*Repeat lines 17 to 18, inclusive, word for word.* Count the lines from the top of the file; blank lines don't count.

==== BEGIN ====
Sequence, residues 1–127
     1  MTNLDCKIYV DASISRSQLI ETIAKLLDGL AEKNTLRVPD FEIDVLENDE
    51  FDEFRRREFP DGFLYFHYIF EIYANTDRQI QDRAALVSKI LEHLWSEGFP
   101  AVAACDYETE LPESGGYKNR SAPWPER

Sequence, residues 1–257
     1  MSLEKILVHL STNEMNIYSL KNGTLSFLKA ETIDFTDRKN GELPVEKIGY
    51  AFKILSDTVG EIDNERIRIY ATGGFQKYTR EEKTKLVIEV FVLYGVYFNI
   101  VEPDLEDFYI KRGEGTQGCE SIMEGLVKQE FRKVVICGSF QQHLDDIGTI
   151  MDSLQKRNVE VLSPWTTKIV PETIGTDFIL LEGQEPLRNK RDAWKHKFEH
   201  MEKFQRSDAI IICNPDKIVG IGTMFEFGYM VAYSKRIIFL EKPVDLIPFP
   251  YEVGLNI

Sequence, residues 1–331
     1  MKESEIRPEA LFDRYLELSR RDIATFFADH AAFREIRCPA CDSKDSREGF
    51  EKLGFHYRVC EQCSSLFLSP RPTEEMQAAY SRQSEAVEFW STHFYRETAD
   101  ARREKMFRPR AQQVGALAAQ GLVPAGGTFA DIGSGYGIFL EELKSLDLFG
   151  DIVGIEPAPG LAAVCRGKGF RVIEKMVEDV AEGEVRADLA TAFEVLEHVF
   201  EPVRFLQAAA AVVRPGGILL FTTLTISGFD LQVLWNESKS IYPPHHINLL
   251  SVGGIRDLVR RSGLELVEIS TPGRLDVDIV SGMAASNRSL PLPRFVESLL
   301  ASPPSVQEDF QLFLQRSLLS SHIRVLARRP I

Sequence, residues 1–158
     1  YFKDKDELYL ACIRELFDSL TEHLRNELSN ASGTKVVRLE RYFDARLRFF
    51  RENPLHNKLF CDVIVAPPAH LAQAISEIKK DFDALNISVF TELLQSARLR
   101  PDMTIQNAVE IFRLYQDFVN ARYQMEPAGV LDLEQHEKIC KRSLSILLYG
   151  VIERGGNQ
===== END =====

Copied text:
   201  EPVRFLQAAA AVVRPGGILL FTTLTISGFD LQVLWNESKS IYPPHHINLL
   251  SVGGIRDLVR RSGLELVEIS TPGRLDVDIV SGMAASNRSL PLPRFVESLL